Ch�vez, Seeking Foreign Allies, Spends Billsions - New York Times:
"CARACAS, Venezuela — President Hugo Chavez is spending billions of dollars of his country's oil windfall on pet projects abroad, aimed at setting up his leftist government as a political counterpoint to the conservative Bush administration in the region.
With Venezuela's oil revenues rising 32 percent last year, Mr. Chavez has been subsidizing diverse items like samba parades in Brazil, eye surgery for poor Mexicans and even heating fuel for poor families from Maine to the Bronx to Philadelphia. By some estimates, the spending now surpasses the nearly $2 billion Washington allocates annually to pay for development programs and the drug war in western South America.
The new spending has given more power to a leader who has been provocatively building a bulwark against what he has called American imperialistic aims in Latin America. Mr. Chavez frequently derides Mr. Bush and his top aides. In March, he called Mr. Bush a 'donkey,' a 'drunkard' and a 'coward,' daring him to invade the country.
But with the biggest oil reserves outside the Middle East, Mr. Chavez is more than an irritant. He is fast rising as the next Fidel Castro, a hero to the masses who is intent on opposing every move the United States makes, but with an important advantage.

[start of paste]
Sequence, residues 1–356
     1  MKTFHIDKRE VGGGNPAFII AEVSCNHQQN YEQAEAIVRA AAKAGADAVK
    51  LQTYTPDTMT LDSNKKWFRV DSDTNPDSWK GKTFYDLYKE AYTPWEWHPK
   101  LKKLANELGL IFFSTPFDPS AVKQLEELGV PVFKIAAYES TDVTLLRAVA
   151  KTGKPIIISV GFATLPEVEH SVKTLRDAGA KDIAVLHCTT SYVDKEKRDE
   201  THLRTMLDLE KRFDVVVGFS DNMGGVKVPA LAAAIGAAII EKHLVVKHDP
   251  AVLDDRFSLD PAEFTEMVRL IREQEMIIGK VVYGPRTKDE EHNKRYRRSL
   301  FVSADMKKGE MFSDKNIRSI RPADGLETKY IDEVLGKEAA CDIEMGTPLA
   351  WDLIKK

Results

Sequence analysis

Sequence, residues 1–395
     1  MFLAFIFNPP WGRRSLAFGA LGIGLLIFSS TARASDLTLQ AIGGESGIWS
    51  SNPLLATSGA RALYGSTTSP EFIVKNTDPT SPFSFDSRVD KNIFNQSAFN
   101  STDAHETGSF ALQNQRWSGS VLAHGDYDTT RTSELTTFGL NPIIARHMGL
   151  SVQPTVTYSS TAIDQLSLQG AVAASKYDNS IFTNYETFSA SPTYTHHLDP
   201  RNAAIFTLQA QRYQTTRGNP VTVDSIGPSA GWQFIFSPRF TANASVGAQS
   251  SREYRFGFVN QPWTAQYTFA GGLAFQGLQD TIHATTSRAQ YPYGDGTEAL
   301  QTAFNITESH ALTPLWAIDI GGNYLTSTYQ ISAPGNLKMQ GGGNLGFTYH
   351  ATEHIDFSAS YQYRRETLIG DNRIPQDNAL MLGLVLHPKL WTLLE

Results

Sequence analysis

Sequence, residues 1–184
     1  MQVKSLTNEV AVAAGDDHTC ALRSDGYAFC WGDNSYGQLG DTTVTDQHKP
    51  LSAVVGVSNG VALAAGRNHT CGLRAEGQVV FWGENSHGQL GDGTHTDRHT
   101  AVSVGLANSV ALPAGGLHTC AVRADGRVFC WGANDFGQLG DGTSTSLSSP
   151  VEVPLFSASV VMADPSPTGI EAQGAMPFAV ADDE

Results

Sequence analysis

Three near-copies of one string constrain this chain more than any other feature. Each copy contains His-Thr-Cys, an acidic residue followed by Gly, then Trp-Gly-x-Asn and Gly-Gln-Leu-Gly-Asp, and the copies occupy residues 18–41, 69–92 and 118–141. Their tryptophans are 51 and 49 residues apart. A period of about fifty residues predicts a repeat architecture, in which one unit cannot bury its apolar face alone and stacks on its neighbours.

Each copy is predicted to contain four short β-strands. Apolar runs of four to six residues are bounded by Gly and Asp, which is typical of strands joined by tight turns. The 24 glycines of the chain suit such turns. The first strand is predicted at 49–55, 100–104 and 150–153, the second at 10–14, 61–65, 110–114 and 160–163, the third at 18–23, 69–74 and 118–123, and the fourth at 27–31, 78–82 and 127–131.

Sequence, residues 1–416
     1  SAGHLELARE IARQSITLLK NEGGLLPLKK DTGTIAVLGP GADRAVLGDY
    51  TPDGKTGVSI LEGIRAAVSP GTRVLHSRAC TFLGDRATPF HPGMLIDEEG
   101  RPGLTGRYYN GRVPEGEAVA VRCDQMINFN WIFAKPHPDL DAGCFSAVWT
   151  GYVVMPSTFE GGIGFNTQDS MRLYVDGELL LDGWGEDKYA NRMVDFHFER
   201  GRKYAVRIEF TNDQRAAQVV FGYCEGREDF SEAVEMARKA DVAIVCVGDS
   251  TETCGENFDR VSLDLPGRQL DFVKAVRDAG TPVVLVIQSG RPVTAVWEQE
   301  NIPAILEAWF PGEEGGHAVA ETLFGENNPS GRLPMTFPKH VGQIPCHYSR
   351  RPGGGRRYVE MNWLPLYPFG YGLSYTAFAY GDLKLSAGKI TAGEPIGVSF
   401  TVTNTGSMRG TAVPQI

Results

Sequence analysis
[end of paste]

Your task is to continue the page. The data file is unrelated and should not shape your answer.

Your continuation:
'He's managed to do what Fidel Castro never could,' said Stephen Johnson, a scholar at the conservative Heritage Foundation. 'Castro never had an independent source of income the way Chavez does. Chavez is filling a void that Castro left for him, leading nonaligned nations.'
It remains unclear exactly how much the government has spent, because the state oil giant, Petroleos de Venezuela, has not made detailed financial records public, and its balance sheets have been shielded from independent audits. Mega-projects, like Mr. Chavez's utopian plan of building a gas pipeline through the Amazon from Venezuela to Argentina, are not likely to materialize.
But Mr. Johnson estimates that Venezuela pledged $3 billion in aid last year to its neighbors, including generous bond purchases that made the government a lender of last resort across the continent."